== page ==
Authorities rush aid to al Dari tribe in Al Ain where many homes were destroyed or severely damaged in a matter of minutes.
'The roof flew off ... then the walls began to cave in'
AL AIN // Abdullah al Dari ran, panicked, to seek shelter with his wife and four children in his Toyota after his house collapsed around him and the roof blew off. He was helping his family into the pickup when powerful winds slammed the door behind him, showering the family with broken glass. "It was 2.30 in the morning and we were all sleeping" said Mr al Dari, 60.
"We were woken by screams from the house next door. Within seconds the roof flew off the house. Then the walls began to cave in and everything started flying around. "We were pummelled by rain, sand and flying debris. Many people were injured. My cousin, Salem, is in the hospital with broken bones in his face and a terrible cut on his cheek." Mr al Dari and about 200 other families comprise a 1,000-member tribe in Al Qua, near Al Ain, and they were badly affected by storms that have lashed the region the past few days.
The families live in ramshackle, aluminium huts held together with wire and nails. Many homes were destroyed or severely damaged in a matter of minutes. On Monday, Sheikh Hamdan bin Zayed, the Ruler's Representative in the Western Region and Chairman of the Red Crescent Authority, ordered immediate aid for the Omani tribe, which has lived in Al Qua since 1996. Mohamed Khalifa Ahmed al Qamzi, the secretary general of the Red Crescent Society, said the authority had intensified its efforts to provide help through its branch in Al Ain and Al Qua.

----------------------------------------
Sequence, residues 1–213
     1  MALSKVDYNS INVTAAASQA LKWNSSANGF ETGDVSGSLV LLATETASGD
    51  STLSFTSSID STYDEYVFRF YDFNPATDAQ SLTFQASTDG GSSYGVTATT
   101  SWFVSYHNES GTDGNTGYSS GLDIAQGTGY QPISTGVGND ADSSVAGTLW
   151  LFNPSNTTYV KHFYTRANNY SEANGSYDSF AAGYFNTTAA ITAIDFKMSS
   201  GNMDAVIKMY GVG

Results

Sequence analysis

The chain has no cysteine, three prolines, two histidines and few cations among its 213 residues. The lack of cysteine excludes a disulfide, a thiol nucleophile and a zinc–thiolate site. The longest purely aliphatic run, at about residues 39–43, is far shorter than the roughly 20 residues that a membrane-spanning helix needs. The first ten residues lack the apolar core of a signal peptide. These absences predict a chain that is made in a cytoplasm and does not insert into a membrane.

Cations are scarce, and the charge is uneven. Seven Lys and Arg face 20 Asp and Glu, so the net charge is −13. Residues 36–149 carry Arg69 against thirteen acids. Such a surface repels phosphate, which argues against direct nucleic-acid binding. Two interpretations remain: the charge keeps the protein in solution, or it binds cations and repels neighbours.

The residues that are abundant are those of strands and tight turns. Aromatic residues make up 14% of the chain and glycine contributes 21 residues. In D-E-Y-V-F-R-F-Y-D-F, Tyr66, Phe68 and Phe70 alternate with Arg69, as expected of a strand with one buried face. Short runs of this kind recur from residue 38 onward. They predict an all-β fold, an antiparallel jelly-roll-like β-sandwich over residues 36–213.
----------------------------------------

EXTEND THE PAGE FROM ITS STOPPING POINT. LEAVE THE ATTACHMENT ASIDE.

Rashid Butti, the head of the Red Crescent Society's Al Qua office, immediately went to see the Al Dari tribe. "We have made the society's building into a makeshift shelter," Mr Butti said. "We also opened up some of the area schools for some families to stay in overnight. They have all been provided with tents, food, bedding, kitchen utensils and everything they need." The women and children of the community have taken advantage of the society's shelter. The men, however, have pitched tents where their homes used to stand.
"We're here to guard our belongings and rebuild," said Mohammed al Dari, 34. "We never expected anything like this could happen. We've been here for almost 15 years and never saw anything like this before. It felt like we were in a tornado."